April Freeman Banner 2014


Probing Shikha Dalmia's Brain

I got to sit down with one of my favorite writers, Shikha Dalmia of the Reason Foundation, to discuss issues of wealth and want.


I got to sit down with one of my favorite writers, Shikha Dalmia of the Reason Foundation, to discuss issues of wealth and want.

In this segment of our conversation, I asked Dalmia what she would want to put on the table if she were asked to hammer out some grand political compromise with the likes of, say, MoveOn.org.

Her answer suggests to me that she was not interested in much of any compromise. Rather, her prescription for poverty alleviation starts with curtailing rent-seeking--that is, collusion to craft policies that tend to benefit the wealthy and connected (at the expense of the poor and middle class).

And she's right. Anyone who claims to care about the poor (and even those hostile to the rich) should be interested in starting out by changing the policies that rig the game for the rich, as James Buchanan and Gordon Tullock describe.

Interestingly, she picks out higher education as an example of such rent-seeking. I found that fascinating, not only because we have been wrestling with such issues at The Freeman, but because higher education is the first example that came out of her mouth (even before green energy, the military-industrial complex, and big agribusiness).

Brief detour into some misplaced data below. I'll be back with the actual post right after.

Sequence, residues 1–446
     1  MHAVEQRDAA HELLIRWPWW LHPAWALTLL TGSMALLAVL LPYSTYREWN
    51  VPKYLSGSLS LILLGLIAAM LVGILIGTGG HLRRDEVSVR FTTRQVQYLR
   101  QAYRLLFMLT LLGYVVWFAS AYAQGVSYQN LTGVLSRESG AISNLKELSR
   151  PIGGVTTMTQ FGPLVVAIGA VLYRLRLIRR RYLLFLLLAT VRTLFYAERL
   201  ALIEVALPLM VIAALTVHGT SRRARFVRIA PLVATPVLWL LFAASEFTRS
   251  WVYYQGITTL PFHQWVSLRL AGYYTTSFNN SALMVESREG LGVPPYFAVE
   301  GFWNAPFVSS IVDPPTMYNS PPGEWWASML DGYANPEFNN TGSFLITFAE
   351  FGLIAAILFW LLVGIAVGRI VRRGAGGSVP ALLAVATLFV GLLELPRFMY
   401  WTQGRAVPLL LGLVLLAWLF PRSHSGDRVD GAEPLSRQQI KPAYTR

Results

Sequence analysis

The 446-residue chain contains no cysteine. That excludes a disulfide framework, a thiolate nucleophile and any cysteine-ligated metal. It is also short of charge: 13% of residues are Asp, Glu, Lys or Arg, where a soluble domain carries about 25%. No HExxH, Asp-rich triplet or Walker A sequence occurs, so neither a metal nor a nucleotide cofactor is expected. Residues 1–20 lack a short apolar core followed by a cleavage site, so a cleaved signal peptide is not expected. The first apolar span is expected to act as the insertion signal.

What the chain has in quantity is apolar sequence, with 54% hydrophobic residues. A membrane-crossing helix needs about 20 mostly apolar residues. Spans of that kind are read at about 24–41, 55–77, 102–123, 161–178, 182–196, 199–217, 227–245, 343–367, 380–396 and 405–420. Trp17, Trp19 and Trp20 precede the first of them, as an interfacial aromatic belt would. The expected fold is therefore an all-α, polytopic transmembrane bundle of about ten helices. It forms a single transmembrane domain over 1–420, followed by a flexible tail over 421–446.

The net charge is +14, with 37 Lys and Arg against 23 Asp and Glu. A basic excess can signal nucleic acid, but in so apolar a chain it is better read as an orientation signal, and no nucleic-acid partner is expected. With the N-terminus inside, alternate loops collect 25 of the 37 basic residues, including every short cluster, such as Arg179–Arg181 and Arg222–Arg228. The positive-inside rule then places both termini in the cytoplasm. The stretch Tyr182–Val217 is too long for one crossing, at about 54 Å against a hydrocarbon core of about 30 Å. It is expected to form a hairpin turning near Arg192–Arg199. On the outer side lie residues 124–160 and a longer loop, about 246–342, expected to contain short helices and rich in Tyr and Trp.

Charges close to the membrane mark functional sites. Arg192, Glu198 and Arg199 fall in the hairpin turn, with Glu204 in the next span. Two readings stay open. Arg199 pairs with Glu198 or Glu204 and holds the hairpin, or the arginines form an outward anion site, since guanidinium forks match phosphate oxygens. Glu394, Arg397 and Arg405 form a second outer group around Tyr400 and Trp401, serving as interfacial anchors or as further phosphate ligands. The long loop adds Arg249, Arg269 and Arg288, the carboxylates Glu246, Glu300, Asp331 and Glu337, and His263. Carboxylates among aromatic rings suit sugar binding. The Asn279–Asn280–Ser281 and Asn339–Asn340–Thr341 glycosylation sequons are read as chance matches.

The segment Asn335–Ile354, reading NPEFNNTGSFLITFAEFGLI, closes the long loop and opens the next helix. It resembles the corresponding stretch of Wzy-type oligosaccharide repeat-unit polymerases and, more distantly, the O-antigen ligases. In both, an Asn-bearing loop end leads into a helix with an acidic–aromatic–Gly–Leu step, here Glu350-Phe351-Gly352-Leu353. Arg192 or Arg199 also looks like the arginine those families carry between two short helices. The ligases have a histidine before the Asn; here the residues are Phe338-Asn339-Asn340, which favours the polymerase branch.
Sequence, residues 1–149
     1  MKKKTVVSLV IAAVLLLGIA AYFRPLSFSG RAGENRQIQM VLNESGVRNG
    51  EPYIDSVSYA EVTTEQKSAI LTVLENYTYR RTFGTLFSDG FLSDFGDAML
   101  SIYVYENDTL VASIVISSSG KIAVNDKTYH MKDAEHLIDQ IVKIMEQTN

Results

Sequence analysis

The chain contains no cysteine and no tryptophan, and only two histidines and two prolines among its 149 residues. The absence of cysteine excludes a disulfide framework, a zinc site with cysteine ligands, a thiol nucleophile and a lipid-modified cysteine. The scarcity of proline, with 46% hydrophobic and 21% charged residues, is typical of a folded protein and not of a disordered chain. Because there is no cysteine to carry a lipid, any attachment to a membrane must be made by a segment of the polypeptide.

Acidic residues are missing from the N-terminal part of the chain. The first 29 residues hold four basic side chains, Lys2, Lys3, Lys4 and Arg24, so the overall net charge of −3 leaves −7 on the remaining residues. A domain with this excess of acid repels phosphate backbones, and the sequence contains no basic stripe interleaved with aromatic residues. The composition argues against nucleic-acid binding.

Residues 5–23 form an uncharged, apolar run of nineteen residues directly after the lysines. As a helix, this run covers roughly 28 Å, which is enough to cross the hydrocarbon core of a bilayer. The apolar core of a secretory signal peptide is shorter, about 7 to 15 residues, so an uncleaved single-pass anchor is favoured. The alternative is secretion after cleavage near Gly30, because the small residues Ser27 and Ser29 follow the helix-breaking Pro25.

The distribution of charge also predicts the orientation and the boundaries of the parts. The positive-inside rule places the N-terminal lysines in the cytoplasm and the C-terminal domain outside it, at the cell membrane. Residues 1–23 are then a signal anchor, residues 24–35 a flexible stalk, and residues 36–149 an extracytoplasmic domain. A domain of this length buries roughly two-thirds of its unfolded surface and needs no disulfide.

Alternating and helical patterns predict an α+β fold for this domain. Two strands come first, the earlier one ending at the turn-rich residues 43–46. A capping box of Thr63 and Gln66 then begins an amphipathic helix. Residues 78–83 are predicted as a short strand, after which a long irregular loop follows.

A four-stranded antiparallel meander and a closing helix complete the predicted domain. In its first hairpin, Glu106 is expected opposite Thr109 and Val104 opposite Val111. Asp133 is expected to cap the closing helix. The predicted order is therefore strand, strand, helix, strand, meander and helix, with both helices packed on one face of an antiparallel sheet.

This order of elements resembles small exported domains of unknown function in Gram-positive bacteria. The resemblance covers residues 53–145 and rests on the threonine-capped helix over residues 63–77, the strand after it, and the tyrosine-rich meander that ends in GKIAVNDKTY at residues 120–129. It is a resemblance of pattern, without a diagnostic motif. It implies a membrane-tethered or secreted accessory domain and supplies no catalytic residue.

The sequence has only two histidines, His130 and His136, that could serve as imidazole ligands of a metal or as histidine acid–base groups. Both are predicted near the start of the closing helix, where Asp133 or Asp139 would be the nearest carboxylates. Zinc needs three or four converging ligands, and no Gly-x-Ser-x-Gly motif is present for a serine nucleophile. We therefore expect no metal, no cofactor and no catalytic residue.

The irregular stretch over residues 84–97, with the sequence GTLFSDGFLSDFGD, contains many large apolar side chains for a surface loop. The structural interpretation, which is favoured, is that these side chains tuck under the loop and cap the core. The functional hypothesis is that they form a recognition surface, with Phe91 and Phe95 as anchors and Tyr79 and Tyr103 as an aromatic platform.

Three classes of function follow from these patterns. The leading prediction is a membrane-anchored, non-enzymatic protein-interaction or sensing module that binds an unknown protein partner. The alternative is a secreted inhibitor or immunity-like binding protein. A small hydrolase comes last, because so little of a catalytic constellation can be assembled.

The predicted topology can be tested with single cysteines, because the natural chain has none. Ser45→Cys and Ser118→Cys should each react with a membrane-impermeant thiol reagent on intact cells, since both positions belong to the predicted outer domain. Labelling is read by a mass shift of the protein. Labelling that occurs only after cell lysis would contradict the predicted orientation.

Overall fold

In any case, please enjoy this food for thought from one of the brightest columnists working today.

For more of our Superwealth interview, see parts one, two, and four.

Max Borders Author Thumb



Max Borders is the editor of The Freeman and director of content for FEE. He is also cofounder of the event experience Voice & Exit and author of Superwealth: Why we should stop worrying about the gap between rich and poor.

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April 2014

Around the world, people are struggling to throw off authoritarianism, with deeply mixed results. From Egypt to Venezuela, determined people build networks to overthrow their regimes, but as yet we have not learned to live without Leviathan. In this issue, Michael Malice and Gary Dudney discuss their glimpses inside totalitarian regimes, while Sarah Skwire and Michael Nolan look at how totalitarian regimes grind down the individual--and how individuals fight back. Plus, Jeffrey Tucker identifies a strain in libertarianism that, left unchecked, could reduce even our vibrant movement to something that is analogous to the grim aesthetic of architectural brutalism. The struggle for our lives and freedom is a struggle for beauty; it begins inside each of us.
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